Blockchain Technology Explained In Simple Language
Blockchain has been immensely buzzed about in recent years. Speaking plainly, this is a technology that allows data to be recorded and stored, while keeping it “carved in stone”. The data secured by blockchain is safe from manipulations, such as deletion or forgery. This blog post aims to provide an easy-to-understand blockchain explanation.
How blockchain works
Here are the basics of what you need to know about blockchain technology’s main principles and design. Blockchain features a chain of records, or blocks of information, in which each successive block builds upon the previous one. The records are organized in a decentralized way, and are stored on multiple computers linked to each other in a peer-to-peer network. The blocks are linked in a certain way using cryptography. This design provides an unprecedented level of information security, making a chain of blocks, or a blockchain, resistant to modification. It is impossible to alter all the records in a chain simultaneously to conceal the modification or deletion of a single block. This would not only require access to the whole network, but would also take unimaginable computational power for decryption. Currently, there is no software or cloud solution capable of providing the same information security level.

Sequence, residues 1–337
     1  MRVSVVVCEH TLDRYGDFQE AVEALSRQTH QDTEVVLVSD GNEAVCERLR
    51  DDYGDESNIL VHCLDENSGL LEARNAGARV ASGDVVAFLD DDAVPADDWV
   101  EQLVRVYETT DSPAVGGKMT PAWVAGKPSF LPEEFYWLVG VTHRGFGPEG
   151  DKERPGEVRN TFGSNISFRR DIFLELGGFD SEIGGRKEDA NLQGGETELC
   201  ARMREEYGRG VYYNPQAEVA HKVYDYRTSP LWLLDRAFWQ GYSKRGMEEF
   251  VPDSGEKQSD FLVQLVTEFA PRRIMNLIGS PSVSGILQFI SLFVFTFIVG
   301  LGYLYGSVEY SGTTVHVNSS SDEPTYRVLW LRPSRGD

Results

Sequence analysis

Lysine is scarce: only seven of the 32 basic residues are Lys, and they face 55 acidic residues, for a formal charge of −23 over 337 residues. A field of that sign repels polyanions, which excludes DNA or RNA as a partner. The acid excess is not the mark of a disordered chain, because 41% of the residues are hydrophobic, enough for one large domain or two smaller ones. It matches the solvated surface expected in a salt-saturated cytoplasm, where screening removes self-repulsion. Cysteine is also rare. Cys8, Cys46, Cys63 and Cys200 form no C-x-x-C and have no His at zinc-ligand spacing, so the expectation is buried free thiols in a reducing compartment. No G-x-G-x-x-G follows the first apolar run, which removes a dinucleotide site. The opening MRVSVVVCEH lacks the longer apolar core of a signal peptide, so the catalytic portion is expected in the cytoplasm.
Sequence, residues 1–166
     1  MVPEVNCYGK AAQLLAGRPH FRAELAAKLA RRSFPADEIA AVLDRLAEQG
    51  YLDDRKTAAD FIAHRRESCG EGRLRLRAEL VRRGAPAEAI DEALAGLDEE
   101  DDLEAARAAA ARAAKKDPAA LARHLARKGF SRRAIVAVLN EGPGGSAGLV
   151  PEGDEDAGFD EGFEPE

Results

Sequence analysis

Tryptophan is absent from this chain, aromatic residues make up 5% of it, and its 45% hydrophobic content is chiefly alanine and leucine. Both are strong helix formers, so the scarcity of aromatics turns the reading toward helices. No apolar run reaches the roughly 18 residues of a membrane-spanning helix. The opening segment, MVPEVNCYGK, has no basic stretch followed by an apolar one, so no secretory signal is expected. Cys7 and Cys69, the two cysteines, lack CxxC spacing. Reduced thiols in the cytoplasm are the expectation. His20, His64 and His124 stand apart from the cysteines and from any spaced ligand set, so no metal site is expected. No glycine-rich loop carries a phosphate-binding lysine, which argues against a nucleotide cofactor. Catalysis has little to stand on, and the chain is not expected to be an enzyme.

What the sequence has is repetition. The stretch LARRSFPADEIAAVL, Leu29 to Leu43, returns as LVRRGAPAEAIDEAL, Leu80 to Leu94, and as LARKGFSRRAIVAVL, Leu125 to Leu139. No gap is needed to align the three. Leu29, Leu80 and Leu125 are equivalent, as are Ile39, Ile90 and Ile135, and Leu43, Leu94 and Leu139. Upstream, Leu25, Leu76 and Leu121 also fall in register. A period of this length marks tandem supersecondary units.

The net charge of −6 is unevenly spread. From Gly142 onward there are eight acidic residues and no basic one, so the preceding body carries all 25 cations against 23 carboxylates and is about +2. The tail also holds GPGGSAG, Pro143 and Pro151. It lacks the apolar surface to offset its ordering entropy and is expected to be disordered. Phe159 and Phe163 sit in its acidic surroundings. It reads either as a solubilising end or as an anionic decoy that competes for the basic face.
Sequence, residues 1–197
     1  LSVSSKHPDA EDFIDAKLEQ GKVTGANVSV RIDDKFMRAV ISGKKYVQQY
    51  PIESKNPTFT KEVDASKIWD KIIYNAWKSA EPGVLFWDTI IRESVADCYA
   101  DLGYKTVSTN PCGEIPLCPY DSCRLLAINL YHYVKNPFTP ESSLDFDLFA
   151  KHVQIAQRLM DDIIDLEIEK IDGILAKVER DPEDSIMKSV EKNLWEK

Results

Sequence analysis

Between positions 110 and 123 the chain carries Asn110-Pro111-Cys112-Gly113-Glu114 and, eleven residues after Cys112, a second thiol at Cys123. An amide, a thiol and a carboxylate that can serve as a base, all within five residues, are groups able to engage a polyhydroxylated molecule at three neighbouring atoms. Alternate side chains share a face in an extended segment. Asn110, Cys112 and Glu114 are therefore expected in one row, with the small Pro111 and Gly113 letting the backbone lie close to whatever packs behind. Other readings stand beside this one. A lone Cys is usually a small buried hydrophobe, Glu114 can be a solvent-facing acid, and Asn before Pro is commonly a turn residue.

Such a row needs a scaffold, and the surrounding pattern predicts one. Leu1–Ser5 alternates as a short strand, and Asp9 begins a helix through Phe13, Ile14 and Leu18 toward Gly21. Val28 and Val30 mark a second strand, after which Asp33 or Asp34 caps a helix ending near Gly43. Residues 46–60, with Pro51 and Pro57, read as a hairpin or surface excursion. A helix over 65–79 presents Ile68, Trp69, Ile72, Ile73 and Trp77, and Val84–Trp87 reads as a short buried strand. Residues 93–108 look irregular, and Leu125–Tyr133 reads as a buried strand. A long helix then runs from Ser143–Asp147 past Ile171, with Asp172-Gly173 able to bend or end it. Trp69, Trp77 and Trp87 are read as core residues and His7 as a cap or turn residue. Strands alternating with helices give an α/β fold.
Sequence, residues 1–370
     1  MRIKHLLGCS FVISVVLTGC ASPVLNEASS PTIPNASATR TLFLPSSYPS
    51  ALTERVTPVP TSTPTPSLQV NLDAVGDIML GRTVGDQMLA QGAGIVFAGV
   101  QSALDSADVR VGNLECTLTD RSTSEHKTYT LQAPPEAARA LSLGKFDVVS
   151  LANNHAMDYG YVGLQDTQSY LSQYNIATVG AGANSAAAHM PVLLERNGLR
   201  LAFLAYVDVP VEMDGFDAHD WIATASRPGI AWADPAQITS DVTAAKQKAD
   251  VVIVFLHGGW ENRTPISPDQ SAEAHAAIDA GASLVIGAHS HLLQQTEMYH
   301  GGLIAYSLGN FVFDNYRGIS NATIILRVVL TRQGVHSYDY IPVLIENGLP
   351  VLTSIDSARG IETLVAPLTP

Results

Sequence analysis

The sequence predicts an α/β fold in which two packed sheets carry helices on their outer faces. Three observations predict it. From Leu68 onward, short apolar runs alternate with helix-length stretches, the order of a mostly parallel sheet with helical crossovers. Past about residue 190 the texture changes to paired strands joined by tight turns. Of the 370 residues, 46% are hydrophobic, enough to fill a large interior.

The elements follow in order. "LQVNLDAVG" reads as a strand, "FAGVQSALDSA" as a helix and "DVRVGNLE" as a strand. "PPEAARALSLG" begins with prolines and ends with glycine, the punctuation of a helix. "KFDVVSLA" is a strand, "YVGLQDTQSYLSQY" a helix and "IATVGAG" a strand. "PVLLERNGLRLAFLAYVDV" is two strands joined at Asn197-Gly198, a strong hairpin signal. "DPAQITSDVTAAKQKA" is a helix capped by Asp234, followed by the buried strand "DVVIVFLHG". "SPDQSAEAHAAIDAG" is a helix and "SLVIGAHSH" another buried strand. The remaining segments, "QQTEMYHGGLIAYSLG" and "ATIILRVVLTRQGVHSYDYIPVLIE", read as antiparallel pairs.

Blockchain technology is inherently a distributed base of encrypted data. It was not until the invention of Bitcoin that the technology acquired the name under which it is known now. Transaction security provided by blockchain is the main reason why Bitcoin has become so popular and valuable. 2017 saw Bitcoin exceed 16 million units in circulation (statista) and break the mark of 20 thousand dollars per unit (statista).
However, the cryptocurrency is only the most buzzed about use case of blockchain technology which is capable of improving literally every field of life when data permanence matters. The use of blockchain technology in applications that are not built around crypto is now known as Blockchain 2.0.
How to use blockchain technology to secure your deals
One of the most popular blockchain uses is smart contracts. They can be used to secure the exchange of information or anything of value.
Technically, a smart contract is a blockchain algorithm allowing for the creation and execution of all types of business logic. Let’s take the process of buying a house as a very simplified example. This works as following:
- You specify the price and the seller’s information in a smart contract.
- The smart contract sends you payment details.
- You provide payment.
- The payment is transacted to the seller and is guaranteed to reach them.
- The smart contract, not the seller themselves, assigns you a new owner automatically.
Smart contracts are much more secure than papers, which are subject to destruction, loss or even forgery. Contract terms and operations history are permanently stored in a network of multiple computers, which nips in the bud all attempts to challenge the buyer’s right for the property in the future. The seller also profits from using smart contracts by getting a guarantee of their interests being served. While terms and conditions are publicly accessible, all personal information from the parties is kept completely confidential, thanks to blockchain security.